Where do the loyalties of our local news operations lie? Is their primary allegiance to their advertisers and shareholders or to the citizens of Hampton Roads? If journalism is their cause, it should be the latter. We should be open to that and give them the benefit of the doubt, but they make it very difficult. Advertisers fund the big expenses of producing their broadcasts, but how much is invested in respectable journalism is another matter. I’ve always wondered how local advertisers would respond if confronted with the fact that they fund the delivery of so much bad news about their communities. Their dollars support the newsrooms’ alternate reality which centers on the drama of misfortune. No doubt adversity and misery are part of our reality, but they are far outnumbered by our virtues and achievements.
Whether they pit news vs. sensationalism, or journalism vs. profit, beyond their broadcast news operations, WTKR, WAVY and WVEC are committed to the welfare and success of our communities. I know that first-hand. I worked with all of them on numerous news stories during 15+ years of local PR work. Their management, producers, staff and on-air talent make Hampton Roads their home and they care deeply about it.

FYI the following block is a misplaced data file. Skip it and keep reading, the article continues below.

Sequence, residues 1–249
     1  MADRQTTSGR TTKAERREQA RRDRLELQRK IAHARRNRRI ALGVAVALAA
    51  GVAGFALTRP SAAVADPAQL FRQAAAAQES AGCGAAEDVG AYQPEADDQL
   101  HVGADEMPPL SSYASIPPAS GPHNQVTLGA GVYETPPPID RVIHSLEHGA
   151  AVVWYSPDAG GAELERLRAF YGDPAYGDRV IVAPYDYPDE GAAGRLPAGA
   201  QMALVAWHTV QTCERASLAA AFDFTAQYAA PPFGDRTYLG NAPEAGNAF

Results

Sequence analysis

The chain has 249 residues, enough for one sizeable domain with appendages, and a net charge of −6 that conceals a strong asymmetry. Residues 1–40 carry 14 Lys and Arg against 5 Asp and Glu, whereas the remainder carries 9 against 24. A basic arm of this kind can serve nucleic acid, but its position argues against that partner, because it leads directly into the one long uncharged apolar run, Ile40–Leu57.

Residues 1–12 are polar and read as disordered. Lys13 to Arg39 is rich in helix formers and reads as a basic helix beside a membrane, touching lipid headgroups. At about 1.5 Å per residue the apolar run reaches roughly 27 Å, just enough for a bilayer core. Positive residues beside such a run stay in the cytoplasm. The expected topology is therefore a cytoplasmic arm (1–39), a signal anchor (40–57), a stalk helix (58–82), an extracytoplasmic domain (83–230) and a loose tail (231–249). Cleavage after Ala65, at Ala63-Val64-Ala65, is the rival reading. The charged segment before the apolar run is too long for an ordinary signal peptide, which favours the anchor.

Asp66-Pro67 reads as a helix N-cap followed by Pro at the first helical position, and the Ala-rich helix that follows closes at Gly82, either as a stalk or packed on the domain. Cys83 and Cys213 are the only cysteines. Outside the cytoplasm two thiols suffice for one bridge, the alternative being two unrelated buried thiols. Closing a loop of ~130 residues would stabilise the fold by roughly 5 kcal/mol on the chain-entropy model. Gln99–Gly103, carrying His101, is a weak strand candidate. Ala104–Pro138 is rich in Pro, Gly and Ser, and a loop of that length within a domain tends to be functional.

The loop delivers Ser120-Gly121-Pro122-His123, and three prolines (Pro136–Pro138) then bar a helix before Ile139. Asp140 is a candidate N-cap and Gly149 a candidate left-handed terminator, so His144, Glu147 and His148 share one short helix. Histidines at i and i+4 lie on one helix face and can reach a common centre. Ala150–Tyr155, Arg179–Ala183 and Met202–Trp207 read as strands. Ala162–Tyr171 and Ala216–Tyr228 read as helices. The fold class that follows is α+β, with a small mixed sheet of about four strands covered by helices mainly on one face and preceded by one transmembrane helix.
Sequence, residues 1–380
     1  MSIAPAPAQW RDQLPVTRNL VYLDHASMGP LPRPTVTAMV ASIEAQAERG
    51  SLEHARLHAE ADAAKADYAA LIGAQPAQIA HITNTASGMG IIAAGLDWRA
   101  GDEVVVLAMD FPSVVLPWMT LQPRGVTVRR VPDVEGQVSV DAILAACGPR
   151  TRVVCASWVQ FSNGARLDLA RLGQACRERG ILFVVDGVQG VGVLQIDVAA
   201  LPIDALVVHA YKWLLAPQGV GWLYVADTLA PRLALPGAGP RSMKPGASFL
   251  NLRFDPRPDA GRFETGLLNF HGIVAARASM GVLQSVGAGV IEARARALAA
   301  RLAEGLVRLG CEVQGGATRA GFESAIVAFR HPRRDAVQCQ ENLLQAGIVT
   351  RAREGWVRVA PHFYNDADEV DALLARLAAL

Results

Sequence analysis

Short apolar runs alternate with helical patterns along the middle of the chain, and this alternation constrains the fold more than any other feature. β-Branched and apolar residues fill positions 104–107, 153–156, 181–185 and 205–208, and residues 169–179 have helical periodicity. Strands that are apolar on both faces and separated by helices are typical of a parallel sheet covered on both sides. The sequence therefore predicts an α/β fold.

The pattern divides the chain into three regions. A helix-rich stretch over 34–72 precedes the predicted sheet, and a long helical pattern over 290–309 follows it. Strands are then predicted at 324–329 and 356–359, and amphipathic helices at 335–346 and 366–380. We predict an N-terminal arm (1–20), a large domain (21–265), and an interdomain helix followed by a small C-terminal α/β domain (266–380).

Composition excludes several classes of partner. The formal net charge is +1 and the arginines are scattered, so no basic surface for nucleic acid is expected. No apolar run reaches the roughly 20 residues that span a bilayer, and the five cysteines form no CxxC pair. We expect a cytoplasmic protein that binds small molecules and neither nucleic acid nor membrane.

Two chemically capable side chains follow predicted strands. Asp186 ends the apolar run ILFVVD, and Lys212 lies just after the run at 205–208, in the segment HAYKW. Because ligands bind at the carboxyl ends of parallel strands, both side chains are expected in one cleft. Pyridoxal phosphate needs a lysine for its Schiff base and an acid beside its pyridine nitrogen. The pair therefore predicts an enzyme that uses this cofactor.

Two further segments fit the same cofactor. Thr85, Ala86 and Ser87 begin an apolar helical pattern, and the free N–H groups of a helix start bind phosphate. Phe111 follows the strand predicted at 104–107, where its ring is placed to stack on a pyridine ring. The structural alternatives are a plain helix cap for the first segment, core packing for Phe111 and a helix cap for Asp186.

They are just good people who need to do better. They want to be respected, but based on their body of work, I wish they could do more to earn it. Producers and reporters want to practice real journalism, but it’s a formidable challenge as the culture and values imposed by news directors and their corporate managers are not always in sync with who we are and what we need from the news.
Unless they start treating us as citizens who deserve consistently responsible journalism, more of us will come to the conclusion that their newscasts are substantially irrelevant. Until then, don’t let them define Hampton Roads for you. We’re better than the stories they tell about us.